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Tingos

Govt. will give Catholic church $800K tax free for 2015?

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(tingos and induna: yeah, I saw that, too, but just thought that the derivation was pretty funny given the discussion. And I agree: Ojalá is beautiful)

 

saludos cordiales,

Gayle

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SLIGHTLY OFF-TOPIC POST . . .

 

Hola Gayle,

 

I too found it somewhat amusing, maybe even a bit ironic to see the word used with this discussion. Glad you mentioned it.

 

Just FWIW, 'Ojalá' is not used only as a word by itself as illustrated above by Induna. It is also used in sentences, q.v.

 

Ojalá que puedas aprender como usar 'ojalá' con el modo sujunctivo. Hay dos tiempos de verbos que encomtramos usados

con 'ojalá': presente de subjunctivo y imperfecto de subjunctivo.

 

Aquí se provee explicación para cual tiempo se usa y cuando:

 

http://www.drlemon.com/Grammar/Subjunctive/ojala.html

 

Buena suerte . . .

 

Paul M.

==

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This is a Catholic country and if you want a secular country move to the US or Russia or some other country that wants God completely out of everything.

 

I wish there was a completely secular country.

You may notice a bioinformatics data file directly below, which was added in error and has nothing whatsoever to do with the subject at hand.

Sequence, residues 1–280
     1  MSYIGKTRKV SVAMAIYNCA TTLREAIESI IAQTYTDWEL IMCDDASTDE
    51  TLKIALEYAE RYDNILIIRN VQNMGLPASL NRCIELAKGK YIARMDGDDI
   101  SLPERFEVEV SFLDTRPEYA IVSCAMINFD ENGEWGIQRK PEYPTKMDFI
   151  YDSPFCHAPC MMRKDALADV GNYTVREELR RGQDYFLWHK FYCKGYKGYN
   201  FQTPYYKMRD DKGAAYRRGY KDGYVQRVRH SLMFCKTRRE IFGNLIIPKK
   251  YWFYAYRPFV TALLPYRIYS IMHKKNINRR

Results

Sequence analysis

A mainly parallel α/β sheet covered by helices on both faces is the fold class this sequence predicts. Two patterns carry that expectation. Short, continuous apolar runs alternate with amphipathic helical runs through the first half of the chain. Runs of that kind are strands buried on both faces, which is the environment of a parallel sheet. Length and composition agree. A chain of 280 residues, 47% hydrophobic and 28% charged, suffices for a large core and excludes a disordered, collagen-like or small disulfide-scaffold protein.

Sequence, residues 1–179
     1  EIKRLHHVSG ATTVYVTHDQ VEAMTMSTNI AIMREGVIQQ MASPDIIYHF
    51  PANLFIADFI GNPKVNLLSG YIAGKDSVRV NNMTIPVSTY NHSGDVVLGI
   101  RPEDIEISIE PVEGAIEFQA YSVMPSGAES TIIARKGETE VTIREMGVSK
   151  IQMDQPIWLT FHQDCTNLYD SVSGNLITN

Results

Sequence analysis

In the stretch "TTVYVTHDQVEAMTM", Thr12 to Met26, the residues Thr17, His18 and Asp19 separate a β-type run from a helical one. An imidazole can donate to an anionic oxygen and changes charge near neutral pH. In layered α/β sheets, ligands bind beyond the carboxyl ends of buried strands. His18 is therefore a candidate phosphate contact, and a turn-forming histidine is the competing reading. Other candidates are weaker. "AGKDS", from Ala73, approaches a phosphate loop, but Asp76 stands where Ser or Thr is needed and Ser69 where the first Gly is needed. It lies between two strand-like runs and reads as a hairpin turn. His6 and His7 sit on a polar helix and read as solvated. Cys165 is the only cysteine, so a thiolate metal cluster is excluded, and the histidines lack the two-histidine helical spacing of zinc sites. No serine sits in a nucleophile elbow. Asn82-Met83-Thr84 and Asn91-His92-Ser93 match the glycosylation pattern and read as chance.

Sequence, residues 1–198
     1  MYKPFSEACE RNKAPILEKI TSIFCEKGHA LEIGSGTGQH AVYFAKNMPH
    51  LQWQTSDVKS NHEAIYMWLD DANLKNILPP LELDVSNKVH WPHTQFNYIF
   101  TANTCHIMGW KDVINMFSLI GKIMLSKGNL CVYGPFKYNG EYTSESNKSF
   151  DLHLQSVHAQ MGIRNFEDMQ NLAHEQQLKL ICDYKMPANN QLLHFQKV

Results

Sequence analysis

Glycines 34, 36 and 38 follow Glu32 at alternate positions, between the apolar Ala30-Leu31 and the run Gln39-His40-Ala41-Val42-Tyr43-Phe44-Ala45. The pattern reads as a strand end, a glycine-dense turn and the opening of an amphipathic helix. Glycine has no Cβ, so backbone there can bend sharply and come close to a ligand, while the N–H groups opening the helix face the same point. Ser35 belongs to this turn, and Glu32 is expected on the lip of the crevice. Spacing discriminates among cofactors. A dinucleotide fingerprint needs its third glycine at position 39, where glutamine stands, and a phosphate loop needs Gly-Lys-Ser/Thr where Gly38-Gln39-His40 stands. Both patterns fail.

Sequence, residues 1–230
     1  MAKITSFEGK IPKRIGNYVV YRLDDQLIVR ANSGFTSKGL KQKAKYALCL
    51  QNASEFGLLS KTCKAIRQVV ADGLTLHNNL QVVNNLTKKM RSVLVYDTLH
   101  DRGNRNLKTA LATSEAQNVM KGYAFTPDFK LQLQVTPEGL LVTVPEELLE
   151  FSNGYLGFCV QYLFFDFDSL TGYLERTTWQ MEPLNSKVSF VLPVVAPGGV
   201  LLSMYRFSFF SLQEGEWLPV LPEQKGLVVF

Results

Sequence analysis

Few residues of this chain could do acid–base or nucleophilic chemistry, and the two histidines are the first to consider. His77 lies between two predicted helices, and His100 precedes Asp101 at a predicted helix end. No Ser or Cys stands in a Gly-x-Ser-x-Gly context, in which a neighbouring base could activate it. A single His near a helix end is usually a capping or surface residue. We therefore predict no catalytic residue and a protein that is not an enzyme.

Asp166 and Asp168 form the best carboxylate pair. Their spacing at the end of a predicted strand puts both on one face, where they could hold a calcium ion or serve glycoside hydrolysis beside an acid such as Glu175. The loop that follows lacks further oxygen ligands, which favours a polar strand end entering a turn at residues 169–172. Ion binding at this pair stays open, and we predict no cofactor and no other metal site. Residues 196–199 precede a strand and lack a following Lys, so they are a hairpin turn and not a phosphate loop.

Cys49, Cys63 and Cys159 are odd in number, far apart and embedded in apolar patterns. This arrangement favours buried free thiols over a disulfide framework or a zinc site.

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CR is not secular, and the US "is", but it often feels that CR is the more secular country just in day to day living in certain ways. No one here is protesting women having access to contraception via the national health care system, just as one example. What's on the books doesn't always reflect the day to day experience. Just an observation.

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This is a Catholic country and if you want a secular country move to the US or Russia or some other country that wants God completely out of everything.

Then I would like to see all religions get money from the government; Baha’i, Islam, Candomble, Jainism, Buddhism, Evangelicals, Hinduism, Jehovah’s Witnesses, Judaism, Mormonism, Paganism, Rastafari, Santeria, Shinto, Sikhism, Unitarianism, Spiritualism, Zoroastrianism and Taoism. No discrimination, equality for all believers. Love it or leave it, mae.

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CR is not secular, and the US "is", but it often feels that CR is the more secular country just in day to day living in certain ways. No one here is protesting women having access to contraception via the national health care system, just as one example. What's on the books doesn't always reflect the day to day experience. Just an observation.

 

I grew up (and am now back in) The Bible Belt. CR felt equally as religious as the USA. I was asked equally what church I attend, invited to church, straight up asked what religion I am, asked to pray in public places (school growing up), told "god bless you" or "if god wills it" etc in both CR and USA.

 

I have also noticed the health care issue and bring it up all the time here in the USA. Why is it the USA is so upset about providing birth control to women, when CR an official Catholic country it's not even a debate?

Edited by lucybelle

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Solís' 100-day report leads to criminal investigation of 4 government agencies.

The president said that the country had lost $112 million to corruption during the last decade. Tico Times 9-17-14